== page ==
Home | About | Sematext search-lucene.com search-hadoop.com
 Search Hadoop and all its subprojects:

Switch to Threaded View
HBase, mail # user - hbase hashing algorithm and schema design


Copy link to this message
-
Re: hbase hashing algorithm and schema design
Otis Gospodnetic 2011-06-09, 01:02
Sam, would HBaseWD help you here?
See
http://search-hadoop.com/m/AQ7CG2GkiO/hbasewd&subj=+ANN+HBaseWD+Distribute+Sequential+Writes+in+HBase
Otis
----
Sematext :: http://sematext.com/ :: Solr - Lucene - Hadoop - HBase
Hadoop ecosystem search :: http://search-hadoop.com/

----- Original Message ----
> From: Sam Seigal <[EMAIL PROTECTED]>
> To: [EMAIL PROTECTED]
> Cc: [EMAIL PROTECTED]; [EMAIL PROTECTED]
> Sent: Wed, June 8, 2011 4:54:24 PM
> Subject: Re: hbase hashing algorithm and schema design
>
> On Wed, Jun 8, 2011 at 12:40 AM, tsuna <[EMAIL PROTECTED]> wrote:
>
> >  On Tue, Jun 7, 2011 at 7:56 PM, Kjew Jned <[EMAIL PROTECTED]> wrote:
> > >  I was studying the OpenTSDB example, where they also prefix the row keys
> >  with
> > > event id.
> > >
> > > I further modified my row  keys to have this ->
> > >
> > > <eventid>  <uuid>  <yyyy-mm-dd>
> > >
> > > The uuid is  fairly unique and random.
> > > Is appending a uuid to the event id help  the distribution ?
> >
> > Yes it will help the distribution, but it  will also make certain query
> > patterns harder.  You can no longer  scan for a time range, for a given
> > eventid.  How to solve this  problem depends on how you generate the
> > UUIDs.
> >
> > I  wouldn't recommend doing this unless you've already tried simpler
> >  approaches and reached the conclusion that they don't work.  Many
> >  people seem to be afraid of creating hot spots in their tables without
> >  having first-hand evidence that the hot spots would actually be a
> >  problem.
> >
> >
> >
> >
> Can I not use regex row filters to  query for date ranges ? There is an added
> overhead for the client to
> order  them, and it is not an efficient query, but it is certainly possible
> to do so  ? Am I wrong ?
>
>
>
> > > Let us say if I have 4 region servers to  start off with and I start the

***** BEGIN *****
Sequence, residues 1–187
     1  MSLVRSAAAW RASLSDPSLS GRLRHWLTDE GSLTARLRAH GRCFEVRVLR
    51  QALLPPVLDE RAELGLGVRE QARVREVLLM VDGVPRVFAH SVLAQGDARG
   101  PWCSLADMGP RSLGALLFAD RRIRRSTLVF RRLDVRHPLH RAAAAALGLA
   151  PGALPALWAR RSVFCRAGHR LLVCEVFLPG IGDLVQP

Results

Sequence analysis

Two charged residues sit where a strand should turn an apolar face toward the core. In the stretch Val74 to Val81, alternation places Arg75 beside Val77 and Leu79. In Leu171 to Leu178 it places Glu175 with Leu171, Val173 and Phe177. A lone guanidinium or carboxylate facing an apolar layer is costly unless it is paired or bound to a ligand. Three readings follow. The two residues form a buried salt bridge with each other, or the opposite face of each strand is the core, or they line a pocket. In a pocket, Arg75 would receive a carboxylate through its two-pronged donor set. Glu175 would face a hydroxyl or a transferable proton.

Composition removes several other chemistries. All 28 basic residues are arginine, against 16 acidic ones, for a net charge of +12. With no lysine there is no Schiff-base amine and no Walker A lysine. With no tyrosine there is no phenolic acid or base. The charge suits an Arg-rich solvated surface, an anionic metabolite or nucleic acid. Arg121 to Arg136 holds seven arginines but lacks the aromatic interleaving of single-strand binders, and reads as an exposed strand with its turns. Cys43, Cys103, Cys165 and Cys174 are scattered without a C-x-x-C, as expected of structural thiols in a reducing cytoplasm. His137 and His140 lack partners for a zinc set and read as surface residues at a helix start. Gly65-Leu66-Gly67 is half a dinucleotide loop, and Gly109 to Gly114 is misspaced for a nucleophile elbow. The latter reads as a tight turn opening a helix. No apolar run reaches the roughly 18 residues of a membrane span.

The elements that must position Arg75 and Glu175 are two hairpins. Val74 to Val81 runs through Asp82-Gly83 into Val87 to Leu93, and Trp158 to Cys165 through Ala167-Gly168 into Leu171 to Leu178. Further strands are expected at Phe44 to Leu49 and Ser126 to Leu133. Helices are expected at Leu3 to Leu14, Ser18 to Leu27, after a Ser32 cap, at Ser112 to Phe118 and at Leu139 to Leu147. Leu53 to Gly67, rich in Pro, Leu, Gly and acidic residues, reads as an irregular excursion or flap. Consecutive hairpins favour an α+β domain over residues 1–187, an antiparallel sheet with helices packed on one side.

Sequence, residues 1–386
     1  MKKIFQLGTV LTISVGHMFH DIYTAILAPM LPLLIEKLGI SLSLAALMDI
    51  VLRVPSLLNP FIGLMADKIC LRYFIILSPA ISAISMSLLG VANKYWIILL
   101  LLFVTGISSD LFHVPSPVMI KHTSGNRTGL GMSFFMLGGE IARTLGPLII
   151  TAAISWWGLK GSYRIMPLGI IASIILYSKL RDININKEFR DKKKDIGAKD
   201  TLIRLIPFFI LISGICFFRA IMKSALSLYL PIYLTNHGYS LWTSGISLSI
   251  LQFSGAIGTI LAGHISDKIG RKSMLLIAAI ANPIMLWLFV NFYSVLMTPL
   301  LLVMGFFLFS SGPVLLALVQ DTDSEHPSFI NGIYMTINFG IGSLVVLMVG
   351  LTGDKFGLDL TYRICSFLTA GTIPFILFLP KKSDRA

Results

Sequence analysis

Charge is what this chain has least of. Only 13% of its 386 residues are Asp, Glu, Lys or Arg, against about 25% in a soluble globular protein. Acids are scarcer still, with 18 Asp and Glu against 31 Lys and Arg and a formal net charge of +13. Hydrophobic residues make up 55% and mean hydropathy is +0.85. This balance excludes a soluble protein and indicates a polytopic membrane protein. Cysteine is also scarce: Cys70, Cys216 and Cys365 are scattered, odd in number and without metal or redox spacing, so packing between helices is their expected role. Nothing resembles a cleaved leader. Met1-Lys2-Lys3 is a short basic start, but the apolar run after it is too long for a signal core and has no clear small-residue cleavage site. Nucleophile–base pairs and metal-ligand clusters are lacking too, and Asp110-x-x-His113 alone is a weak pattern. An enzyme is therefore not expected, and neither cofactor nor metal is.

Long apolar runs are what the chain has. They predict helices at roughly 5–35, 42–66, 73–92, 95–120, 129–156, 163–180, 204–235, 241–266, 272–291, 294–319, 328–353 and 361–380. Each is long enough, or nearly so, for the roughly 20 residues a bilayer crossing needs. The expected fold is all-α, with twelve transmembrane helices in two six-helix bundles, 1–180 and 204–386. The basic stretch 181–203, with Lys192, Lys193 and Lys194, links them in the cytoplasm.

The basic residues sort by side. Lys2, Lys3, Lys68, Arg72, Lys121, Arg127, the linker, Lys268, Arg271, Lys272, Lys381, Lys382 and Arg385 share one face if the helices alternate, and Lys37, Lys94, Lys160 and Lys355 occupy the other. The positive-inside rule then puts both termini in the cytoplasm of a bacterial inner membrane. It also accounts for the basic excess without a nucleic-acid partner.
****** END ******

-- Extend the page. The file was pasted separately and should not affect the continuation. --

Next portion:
> >
> > If you have only 4 region  servers, your goal should be to have roughly
> > 25% of writes going to each  server.  It doesn't matter if the 25%
> > slice of one server is going  to a single region or not.  As long as
> > all the writes don't go to  the same row (which would cause lock
> > contention on that row), you'll get  the same kind of performance.
> >
>
> I am worried about the following  scenario, hence putting a lot of thought
> into how to design this  schema.
>
> For example, for simplicity sake, I only have two event Ids A and  B, and the
> traffic is equally distributed
> between them i.e. 50% of my  traffic is event A and 50% is event B. I have
> two region servers running,  on
> two physical nodes with the following schema -
>
> <eventid>  <timestamp>
>
> Ideally, I now have all of A traffic going into  regionServerA and all of B
> traffic going into regionserver B.
> The cluster  is able to hold this traffic, and the write load is  distributed
> 50-50.
>
> However, now I reach a point where I need to scale,  since the two clusters
> are not being able to
> cope with the write traffic.  Adding extra regionservers to the cluster is
> not going to make any  difference
> , since only the physical machine holding the tail end of the  region is the
> one that will receive
> the traffic. Most of my other cluster  is going to be idle.
>
> To generalize, if I want to scale where the # of  machines is greater than
> the # of unique event ids, I have no way  to
> distribute the load in an efficient manner, since I cannot distribute  the
> load of a single event id across multiple machines
> (without adding a  uuid somewhere in the middle and sacrificing data locality
> on ordered  timestamps).
>
> Do you think my concern is genuine ? Thanks a lot for your  help.
>
>
> >
> > > workload, how does HBase decide how many  regions is it going to create,
> > and what
> > > key is going to go  into what region ?
> >
> > Your table starts as a single region.   As this region fills up, it'll
> > split.  Where it split is chosen by  HBase.  HBase tries to spit the
> > region "in the middle", so that  roughly the number of keys ends up in